Peter Lloyd writes: Thank you Annemarie O’Reilly (yesterday, comments) for highlighting an invisible, unpublicised issue that affects thousands of Australian workers, in particular males who have been the losers from the reforms of the past 30 years.
The credentialling industry has been allowed to get completely out of hand, and exists far more for its own sake than to improve and certify the actual skills of employees in Australia. TAFEs and universities test the ability of students to negotiate arcane bureaucracy and pay the massive costs, both direct and opportunity, but are constantly handing qualifications to people who simply should not have them.
This burden, as Ms O’Reilly points out, falls squarely on older men whose skills are often self-taught, and often of far higher calibre than those of “qualified” tradesmen whose experience is far narrower and of shorter duration. They are often locked completely out of “administrative” industries where persistence at the course work will produce a certificate and job, regardless, seemingly, of the actual ability of the candidate.
Recognition of self-developed skills is non-existent to the institutions, who want only to take money for their dumbed-down subjects, and in any case men working on the lowest wages in society can’t take a year or two off to participate in a charade. Indeed, tolerating the time-wasting processes and obliviousness to their futility usually seems to be the most important prerequisite for success. But these traits are seldom found in people of genuine ability at, well, anything.
These men are then told they are ‘“unskilled” and shunned by employment agencies and government alike, and the loss of each insecure job will throw them back to the bottom of the heap, as the workplace itself is the only place they can gain respect and recognition. Even then, promotion will be out of the question without engaging with the dumb, bureaucratic and arcane TAFE system, its courses padded out with irrelevant subjects on “team building” and “workplace partnerships”. Actual aptitude for the work in question? Not an issue.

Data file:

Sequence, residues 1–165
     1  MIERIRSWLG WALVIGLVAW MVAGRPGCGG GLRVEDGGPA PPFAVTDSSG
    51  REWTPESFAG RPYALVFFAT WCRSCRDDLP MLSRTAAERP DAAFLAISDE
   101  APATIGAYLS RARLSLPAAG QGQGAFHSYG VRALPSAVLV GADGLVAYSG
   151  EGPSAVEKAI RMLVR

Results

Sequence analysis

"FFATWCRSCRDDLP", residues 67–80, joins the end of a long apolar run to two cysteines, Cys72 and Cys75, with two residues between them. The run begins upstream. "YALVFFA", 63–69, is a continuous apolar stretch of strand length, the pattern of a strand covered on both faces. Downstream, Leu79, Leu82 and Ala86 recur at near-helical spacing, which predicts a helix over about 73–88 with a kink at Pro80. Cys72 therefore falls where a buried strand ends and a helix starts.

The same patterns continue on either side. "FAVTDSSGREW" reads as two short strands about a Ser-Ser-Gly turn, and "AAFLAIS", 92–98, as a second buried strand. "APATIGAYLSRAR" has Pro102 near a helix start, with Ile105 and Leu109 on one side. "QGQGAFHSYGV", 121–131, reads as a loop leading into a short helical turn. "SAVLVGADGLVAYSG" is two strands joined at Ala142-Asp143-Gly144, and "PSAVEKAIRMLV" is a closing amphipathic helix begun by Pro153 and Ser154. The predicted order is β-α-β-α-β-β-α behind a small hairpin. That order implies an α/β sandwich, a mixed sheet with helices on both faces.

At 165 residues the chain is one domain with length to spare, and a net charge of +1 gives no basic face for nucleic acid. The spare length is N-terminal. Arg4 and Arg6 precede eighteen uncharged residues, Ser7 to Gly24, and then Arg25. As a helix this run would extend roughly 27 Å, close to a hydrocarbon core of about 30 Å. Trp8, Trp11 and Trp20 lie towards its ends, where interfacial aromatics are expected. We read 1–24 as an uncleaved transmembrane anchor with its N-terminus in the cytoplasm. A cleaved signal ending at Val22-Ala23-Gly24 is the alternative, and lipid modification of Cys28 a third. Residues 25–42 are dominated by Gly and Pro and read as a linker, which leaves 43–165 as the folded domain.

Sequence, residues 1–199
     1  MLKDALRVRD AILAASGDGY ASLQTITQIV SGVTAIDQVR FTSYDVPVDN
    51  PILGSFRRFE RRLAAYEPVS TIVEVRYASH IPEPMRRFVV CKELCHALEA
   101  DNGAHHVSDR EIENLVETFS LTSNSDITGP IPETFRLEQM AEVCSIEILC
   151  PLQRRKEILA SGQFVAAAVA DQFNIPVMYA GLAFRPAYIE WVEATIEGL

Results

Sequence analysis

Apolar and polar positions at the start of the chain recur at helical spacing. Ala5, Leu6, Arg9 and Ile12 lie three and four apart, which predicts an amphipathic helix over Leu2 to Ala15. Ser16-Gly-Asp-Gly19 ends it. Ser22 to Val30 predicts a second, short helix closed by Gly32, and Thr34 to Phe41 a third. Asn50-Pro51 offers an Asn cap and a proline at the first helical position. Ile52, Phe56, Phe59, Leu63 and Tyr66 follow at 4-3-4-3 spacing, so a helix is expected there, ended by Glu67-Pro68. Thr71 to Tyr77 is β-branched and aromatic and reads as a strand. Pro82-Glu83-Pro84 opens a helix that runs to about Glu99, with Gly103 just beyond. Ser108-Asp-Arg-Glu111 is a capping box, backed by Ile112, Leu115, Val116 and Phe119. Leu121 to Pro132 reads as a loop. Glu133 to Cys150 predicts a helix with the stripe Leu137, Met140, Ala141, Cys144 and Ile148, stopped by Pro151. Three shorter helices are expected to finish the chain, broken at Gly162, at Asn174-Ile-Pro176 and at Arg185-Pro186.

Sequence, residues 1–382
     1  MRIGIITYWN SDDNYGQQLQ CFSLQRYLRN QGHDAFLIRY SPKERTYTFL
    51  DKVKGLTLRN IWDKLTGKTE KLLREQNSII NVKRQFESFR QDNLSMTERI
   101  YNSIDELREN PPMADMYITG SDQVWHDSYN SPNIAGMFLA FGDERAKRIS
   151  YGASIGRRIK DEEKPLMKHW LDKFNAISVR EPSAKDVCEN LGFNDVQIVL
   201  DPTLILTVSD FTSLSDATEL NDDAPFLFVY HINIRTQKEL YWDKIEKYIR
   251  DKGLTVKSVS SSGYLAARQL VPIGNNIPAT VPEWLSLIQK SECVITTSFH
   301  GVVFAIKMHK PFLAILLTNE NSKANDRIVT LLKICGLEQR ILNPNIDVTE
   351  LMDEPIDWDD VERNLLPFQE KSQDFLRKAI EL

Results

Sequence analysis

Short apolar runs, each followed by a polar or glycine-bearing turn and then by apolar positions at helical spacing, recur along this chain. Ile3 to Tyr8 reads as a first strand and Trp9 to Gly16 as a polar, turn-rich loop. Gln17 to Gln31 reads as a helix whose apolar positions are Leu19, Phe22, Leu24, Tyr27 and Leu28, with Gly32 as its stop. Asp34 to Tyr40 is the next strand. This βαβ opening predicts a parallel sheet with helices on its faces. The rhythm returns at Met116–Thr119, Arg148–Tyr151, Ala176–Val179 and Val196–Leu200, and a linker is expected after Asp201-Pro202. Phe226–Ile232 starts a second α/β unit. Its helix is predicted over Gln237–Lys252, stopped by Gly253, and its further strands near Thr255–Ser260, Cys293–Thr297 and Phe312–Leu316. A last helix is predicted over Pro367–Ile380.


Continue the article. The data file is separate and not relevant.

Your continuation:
It would be far better to subsidise companies to do the training themselves. It can’t be that hard. They used to do it all the time.
John Richardson writes: Re. “‘Autorite judiciaire’: Assange undone by the French” (yesterday, item 1). Busy learning first-hand why the law is such an ass, Julian Assange would have been blissfully unaware of the attack launched on him yesterday by Australia’s Foreign Minister, Senator Bob Carr.
Fresh from his stunning victory in dispatching two helpless Syrian diplomats, Labor’s latter-day Metternich turned the full force of his awful hyperbole on Australia’s hapless public enemy number one, booming: “No Australian has received more consular support in a comparable period than Mr Assange”.
Of course, anyone harbouring doubts about the efficacy of Bob’s claims might be tempted to place more store in the behaviour of our Prime Minister who, on the one hand, found time to make a reassuring personal telephone call to an Australian teenager actually charged with drug offences in Indonesia and then recently made a public plea to the Indonesian government to agree to send convicted drug smuggler Schappelle Corby home whilst, on the other, going out of her way to publicly accuse Assange of having “acted illegally”, even though the man hasn’t actually been charged with any offence in any jurisdiction.
But then, I suppose if we were to rely on the experiences of David Hicks or Mamdouh Habib as the “benchmark”, perhaps Bob’s flamboyant claim just might be true?
Niall Clugston writes: Re. Yesterday’s Editorial. I don’t think that a fall in Fairfax shares over a few years is really the best evidence for a new media “world where journalists no longer have any industrial muscle”. The basic problem is a long-term decline in advertising revenue. That’s not a problem with journalism as such.
And while industrial action can be difficult in a declining industry, look at the example of the MUA, which remains a powerful union despite the whittling away of the maritime workforce over the past century.